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In my web application (ASP.NET) I have a block of code that uses HttpWebRequest to make a call to a REST service and continue execution. Right now it's taking longer than I would like to complete the full web request. The thing is that what the REST service returns isn't useful. Ideally I would like to send an Async web request to the REST service and then NOT wait for a response. The problem is that I've tried it out using

request.BeginGetResponse(New AsyncCallback(AddressOf myFunc), Nothing)

To start an async request and instead of NOT waiting (which I would assume would be the default behavior of an async request) it continuously executes the callback function before executing the next line of code after BeginGetResponse.

I'm suspecting that ASP.NET may convert it to a sync request when it's within a web application. I'm led to believe this because there's a IAsyncResult result object that is passed into the callback function and when I examine its CompletedSynchronously property it's always set to true.

Does anyone know if it's possible to do an async HttpWebRequest (with no wait) from within an ASP.NET web application or is it always converted to a synchronous request?

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up vote 9 down vote accepted

you are probably looking at "fire and forget" pattern. Here are some links.

http://weblogs.asp.net/albertpascual/archive/2009/05/14/fire-and-forget-class-for-asp-net.aspx

http://haacked.com/archive/2009/01/09/asynchronous-fire-and-forget-with-lambdas.aspx

http://www.eggheadcafe.com/articles/20060727.asp

hope this helps

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1  
This is awesome!! Especially how that haacked.com blog cuts it down to one line of code. I may just end up using this pattern in other parts of my app as well. – Adam Feb 1 '10 at 17:45
    
I'd want to make absolutely sure that ThreadPool.QueueUserWorkItem was safe in IIS. (Related stackoverflow.com/questions/1325718/…) – Perhentian Oct 26 '11 at 15:46
HttpWebRequest myRequest = (HttpWebRequest)WebRequest.Create(myUrl);
//set up web request...
ThreadPool.QueueUserWorkItem(o=>{ myRequest.GetResponse(); });

Also known as Fire-and-Forget.

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ThreadPool that will come in use more often now that I now about it :) That makes fire and forget so simple now... +1 – ppumkin May 6 '13 at 15:20
5  
Update, a more modern approach for .NET 4.0 may be Task.Factory.StartNew(() => myRequest.GetResponse()); – RJB Feb 4 '14 at 20:03
1  
Or even Task.Run(() => ...) – Erti-Chris Eelmaa Jul 12 '15 at 6:48

(Note: I started to enter this as a comment, but as I gained some extra knowledge while researching, it grew big enough for an answer)

1. ThreadPool.QueueUserWorkItem

The first two links that @ram provides, as well as @Bryan Batchelders answer make use of the controversial ThreadPool.QueueUserWorkItem. It's controversial within the context of ASP.NET because uncareful use may starve your thread pool, as @Perhentian link shows.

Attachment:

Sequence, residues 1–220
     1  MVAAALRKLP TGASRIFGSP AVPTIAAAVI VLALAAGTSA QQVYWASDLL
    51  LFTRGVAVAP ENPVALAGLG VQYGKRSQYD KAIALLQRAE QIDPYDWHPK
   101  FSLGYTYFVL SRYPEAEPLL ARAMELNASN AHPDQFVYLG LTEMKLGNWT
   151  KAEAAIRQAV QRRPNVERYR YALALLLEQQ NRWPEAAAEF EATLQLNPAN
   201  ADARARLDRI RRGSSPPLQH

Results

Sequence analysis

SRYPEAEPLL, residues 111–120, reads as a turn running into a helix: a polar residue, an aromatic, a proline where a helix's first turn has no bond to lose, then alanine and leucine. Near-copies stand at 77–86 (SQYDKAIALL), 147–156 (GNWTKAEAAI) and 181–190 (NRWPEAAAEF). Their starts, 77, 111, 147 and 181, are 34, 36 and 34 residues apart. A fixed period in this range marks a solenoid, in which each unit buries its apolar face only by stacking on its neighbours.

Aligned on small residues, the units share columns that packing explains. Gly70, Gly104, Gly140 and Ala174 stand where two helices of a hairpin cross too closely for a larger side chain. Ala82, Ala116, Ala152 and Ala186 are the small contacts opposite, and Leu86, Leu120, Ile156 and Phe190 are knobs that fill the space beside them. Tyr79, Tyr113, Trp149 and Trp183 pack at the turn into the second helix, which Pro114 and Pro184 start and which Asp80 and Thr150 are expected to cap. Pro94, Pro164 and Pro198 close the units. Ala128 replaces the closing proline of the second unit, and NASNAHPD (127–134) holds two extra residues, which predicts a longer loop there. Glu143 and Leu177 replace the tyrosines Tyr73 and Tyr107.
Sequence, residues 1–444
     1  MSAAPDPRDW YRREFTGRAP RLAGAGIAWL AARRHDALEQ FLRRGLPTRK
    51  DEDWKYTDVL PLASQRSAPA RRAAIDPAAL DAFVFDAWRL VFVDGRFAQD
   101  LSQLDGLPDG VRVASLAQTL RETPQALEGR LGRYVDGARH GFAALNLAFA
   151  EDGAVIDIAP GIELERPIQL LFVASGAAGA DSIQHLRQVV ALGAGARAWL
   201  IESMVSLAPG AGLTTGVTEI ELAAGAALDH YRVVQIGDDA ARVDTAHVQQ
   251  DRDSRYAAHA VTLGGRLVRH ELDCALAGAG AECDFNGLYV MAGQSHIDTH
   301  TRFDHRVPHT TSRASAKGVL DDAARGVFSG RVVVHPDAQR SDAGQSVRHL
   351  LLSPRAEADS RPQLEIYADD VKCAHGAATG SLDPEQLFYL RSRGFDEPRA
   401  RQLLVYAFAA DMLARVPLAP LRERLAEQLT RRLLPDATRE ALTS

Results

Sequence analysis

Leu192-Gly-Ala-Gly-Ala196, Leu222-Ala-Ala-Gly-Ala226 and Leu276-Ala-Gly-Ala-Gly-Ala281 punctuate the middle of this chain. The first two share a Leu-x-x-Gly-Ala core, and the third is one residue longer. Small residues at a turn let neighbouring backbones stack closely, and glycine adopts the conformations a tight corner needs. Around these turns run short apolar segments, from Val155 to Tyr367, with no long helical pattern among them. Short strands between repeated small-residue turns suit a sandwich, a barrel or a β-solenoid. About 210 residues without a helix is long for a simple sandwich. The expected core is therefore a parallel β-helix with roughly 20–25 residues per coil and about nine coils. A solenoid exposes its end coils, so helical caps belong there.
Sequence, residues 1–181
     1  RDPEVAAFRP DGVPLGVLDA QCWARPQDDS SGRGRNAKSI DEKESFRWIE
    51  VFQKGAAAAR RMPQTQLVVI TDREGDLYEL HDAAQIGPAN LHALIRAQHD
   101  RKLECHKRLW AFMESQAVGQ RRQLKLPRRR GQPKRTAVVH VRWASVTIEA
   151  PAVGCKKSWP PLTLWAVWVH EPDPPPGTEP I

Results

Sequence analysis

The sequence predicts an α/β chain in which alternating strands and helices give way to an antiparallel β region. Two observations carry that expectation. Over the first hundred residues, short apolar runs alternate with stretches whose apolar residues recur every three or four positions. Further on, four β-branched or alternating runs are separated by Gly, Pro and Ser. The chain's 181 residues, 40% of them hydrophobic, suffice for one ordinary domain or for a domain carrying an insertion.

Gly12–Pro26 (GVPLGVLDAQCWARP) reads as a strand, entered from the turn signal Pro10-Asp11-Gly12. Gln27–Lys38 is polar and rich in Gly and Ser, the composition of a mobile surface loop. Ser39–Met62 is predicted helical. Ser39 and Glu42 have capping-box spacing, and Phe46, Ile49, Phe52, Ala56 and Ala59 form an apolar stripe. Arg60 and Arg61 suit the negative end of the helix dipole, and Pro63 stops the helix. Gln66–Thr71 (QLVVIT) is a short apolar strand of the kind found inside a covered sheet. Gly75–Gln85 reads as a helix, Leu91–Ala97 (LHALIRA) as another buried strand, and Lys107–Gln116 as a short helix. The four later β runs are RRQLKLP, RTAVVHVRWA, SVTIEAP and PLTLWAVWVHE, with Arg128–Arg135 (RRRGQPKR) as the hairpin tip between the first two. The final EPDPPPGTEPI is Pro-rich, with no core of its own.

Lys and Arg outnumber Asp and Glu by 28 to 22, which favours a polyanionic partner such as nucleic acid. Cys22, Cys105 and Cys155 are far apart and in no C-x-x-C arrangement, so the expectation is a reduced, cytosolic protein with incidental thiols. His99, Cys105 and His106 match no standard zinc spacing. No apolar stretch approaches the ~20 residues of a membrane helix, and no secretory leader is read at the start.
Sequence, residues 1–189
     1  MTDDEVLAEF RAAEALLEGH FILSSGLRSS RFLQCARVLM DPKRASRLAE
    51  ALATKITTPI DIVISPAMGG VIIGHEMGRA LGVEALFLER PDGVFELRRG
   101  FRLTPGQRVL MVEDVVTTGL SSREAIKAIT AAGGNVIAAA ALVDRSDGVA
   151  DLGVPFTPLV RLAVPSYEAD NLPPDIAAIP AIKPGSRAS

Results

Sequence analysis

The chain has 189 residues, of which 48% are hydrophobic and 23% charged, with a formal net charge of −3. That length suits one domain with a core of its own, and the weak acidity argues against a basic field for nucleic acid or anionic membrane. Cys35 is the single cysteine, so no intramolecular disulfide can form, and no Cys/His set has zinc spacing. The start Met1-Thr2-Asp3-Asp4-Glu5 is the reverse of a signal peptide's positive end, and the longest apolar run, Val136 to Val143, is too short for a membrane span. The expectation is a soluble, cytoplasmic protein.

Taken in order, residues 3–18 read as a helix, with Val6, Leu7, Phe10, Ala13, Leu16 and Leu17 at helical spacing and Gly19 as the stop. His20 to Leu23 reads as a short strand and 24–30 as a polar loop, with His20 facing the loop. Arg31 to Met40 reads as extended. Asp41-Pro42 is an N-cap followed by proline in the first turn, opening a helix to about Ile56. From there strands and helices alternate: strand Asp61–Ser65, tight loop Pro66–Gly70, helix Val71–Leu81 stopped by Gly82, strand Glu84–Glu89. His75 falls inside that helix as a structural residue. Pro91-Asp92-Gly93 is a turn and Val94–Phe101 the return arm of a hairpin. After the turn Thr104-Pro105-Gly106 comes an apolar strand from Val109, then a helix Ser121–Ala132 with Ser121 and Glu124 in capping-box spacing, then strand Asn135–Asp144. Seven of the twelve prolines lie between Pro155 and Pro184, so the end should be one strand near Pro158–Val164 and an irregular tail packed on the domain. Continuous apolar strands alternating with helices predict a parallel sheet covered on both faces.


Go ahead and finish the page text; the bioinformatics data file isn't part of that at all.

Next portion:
2. BeginInvoke

Then I had a look at @ram's third link, which makes use of BeginInvoke. In its essence, this just seems to tell some code to run on another thread too. So no resolution here.

3. BeginGetResponse

Now back to @Perhentians link. It states how BeginGetResponse is somewhat different from an actual thread, because it uses IO Completion Ports (IOPCs). So what you're actually looking for, is a solution which still uses these IOPCs without creating an extra thread.

Now, in order to see how .NET does this, I tried to dig into HttpWebRequest.BeginGetResponse, which is really a rag of internal calls. It goes like:

  1. HttpWebRequest.BeginGetResponse
  2. ServicePoint.SubmitRequest
  3. Connection.SubmitRequest
  4. Two options:
    • If the connection is clear: Connection.StartRequest
    • Otherwise: Connection.WaitList.Add(request)

A. WaitList

First lets consider option 2: the said WaitList gets processed when a connection is done with a previous request. Taking a look at the ConnectStream involved in this whole chain shows a ThreadPool.QueueUserWorkItem with the remark:

// otherwise we queue a work item to parse the chunk
// Consider: Will we have an issue of thread dying off
// if we make a IO Read from that thread???

So, at least in some fallback scenario's, threads can still inadvertently get spawned by the framework, by just using BeginGetResponse!

B. Connection.StartRequest

Now, we still have the scenario where the connection is clear. The callback is installed by System.Net.Sockets.Socket.BeginConnect and actually invoked by BeginAccept. Some more digging reveals a call to ThreadPool.UnsafeRegisterWaitForSingleObject whose result is used to wait for.

Conclusion

Finally, we can tell what's actually going on when doing a BeginGetResponse:

// 1. Connecting a socket
UnsafeNclNativeMethods.OSSOCK.WSAConnect(m_handle)

// 2. Registering the callback
m_RegisteredWait = ThreadPool.UnsafeRegisterWaitForSingleObject(m_AsyncEvent, s_RegisteredWaitCallback, this, Timeout.Infinite, true);

// 3. Waiting for the socket to complete
UnsafeNclNativeMethods.OSSOCK.WSAEventSelect(m_handle, m_AsyncEvent.SafeWaitHandle, blockEventBits);

Note the Timeout.Infinite. I'm still investigating whether it is possible to get the socket running a codepath that does not perform the wait, but for now, it looks impossible to me.

As goes for my conclusion: there seems to be no easy way to use IOCPs in a Fire-And-Forget scenario. So unless you can get the above socket to not wait for completion on BeginAccept, you're stuck with ThreadPool.

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